My name is Sonja Welch, and I’m going into my fourth year of Biomedical Engineering at Michigan Technological University. I’m from Baraga, MI, and I love reading, being in the outdoors, spending time with friends, staying active, and watching movies. I’m a member of the Undergraduate Student Advisory Board within the Pavlis Honor’s College, the Vice President of Philanthropy for Delta Zeta, and the Fundraising Officer for Medlife. In addition to that, I also work in the Math Learning Center and the Engineered Biomaterials Lab. This summer, I’m going to be in charge of finding new projects in Ghana for future Pavlis cohorts. I plan to do this by facilitating Design Thinking Workshops, setting up meetings, and interviewing people in country. I will also be checking up on past projects, including the medical van, and working on finding new ways to make these facilities useful for the Ghanaian community.
Hi, my name is Charles Fugate and I’ll be going into my third year at Michigan Tech this coming Fall. I’m currently majoring in Mechanical Engineering and Anthropology, with a minor in leadership. I enjoy exploring the Keweenaw, playing games with my friends, and listening to podcasts like 99% Invisible and Lore. I currently work as a Student Manager at the Memorial Union Building on campus, and will be a Multi-literacy Center Coach in the Fall. During our trip to Ghana during the summer I will be doing research into the folklore of the Akan people which will hopefully go into a repository that both Ghanaian’s and people on the internet can access, and that future cohorts can add to. I look forward to setting up a project that I can really sink my teeth into, and that allows me to get an in-depth look at the cultural values and tradition of Ghanaians. Additionally, I hope this will open up new avenues for future social science based projects for future cohorts.
I’m Josh Undlin, a 3rd year Mechanical Engineering Major with minors in Aerospace Engineering and Global Leadership. I’m from Canton, Michigan and plan on working in the aerospace industry after I graduate. When I’m not doing school work, I enjoy hanging out with friends, reading, and spending time in the outdoors. I’m a member of Michigan Tech’s Aerospace Enterprise and work as an Assistant Desk Coordinator at the reception desks on campus. Additionally, I’m a member of Mind Trekkers, an organization that travels around the country in an effort to get kids of all ages interested in careers in Science, Technology, Engineering, and Math (STEM) fields. I plan on using my Mind Trekkers experience in Ghana with my main project being working with schools in the city of Sunyani and the village of Babianaha to promote STEM education and encourage creativity in the classroom. I’m also leading the team in getting resources for the community center in Babianaha and identifying possible projects at this site for future cohorts.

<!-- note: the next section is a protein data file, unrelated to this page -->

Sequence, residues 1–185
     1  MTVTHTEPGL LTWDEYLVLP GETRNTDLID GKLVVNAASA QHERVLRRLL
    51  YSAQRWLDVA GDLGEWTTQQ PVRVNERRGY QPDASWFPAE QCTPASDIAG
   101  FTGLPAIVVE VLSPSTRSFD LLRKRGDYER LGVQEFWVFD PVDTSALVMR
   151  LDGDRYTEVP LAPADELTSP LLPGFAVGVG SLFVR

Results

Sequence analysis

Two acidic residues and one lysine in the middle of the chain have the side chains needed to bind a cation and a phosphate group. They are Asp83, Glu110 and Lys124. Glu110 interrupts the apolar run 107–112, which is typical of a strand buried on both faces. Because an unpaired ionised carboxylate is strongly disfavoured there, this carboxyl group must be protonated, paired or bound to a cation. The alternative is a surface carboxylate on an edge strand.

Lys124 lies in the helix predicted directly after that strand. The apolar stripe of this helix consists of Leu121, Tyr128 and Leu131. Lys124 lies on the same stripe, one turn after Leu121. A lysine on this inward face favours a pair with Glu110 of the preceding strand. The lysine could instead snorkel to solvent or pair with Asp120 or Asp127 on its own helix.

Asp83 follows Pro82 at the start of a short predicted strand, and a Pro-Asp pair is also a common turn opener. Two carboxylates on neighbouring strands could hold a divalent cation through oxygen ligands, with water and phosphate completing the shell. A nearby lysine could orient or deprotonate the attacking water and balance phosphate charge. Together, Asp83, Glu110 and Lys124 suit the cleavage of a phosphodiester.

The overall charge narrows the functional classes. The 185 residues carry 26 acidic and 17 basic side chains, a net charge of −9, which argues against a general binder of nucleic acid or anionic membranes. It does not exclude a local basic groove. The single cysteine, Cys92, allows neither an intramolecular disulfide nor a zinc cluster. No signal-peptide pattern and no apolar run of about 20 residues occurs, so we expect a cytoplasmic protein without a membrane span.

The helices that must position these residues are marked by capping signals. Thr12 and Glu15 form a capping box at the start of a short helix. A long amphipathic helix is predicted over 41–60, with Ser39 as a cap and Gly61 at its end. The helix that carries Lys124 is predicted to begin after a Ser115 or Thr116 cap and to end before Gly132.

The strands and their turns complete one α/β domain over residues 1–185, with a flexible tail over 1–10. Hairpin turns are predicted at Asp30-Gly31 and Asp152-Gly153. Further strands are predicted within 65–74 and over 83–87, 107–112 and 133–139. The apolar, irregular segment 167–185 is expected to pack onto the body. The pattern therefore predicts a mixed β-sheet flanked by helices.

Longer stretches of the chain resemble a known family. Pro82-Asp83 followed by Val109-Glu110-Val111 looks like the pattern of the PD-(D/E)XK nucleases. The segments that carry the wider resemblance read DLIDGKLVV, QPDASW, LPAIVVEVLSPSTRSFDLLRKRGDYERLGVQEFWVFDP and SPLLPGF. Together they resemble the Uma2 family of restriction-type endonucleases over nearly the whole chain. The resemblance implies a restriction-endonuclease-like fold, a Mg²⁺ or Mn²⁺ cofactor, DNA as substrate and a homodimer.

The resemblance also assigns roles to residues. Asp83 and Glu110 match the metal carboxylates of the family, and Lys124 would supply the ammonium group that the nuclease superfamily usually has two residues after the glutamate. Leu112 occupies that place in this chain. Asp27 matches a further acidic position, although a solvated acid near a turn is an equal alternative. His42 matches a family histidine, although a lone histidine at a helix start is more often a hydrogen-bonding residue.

We Earlier this month we spent a weekend at McLain State Park with the Tanzania travel group, as well. We made some s’mores our second night, spent some time on the beach, and rediscovering our childhood at the playground. We also had a traditional Ghanaian dinner with our teaching assistant, Edzordzi. A photo of the four of us with our sparkling juice and dinner is below. The food is called “Banku ne nkrumakuan.” It has a tomato based soup with okra. Edzordzi said that in Ghana the okra would be fresh, but he used blended canned okra in the soup. He made some salmon filets, and used Semolina to make the “bread like dough” that was representing Banku. You eat it with your hand (your right or “clean” hand), by pinching off some Banku and then scooping up some soup.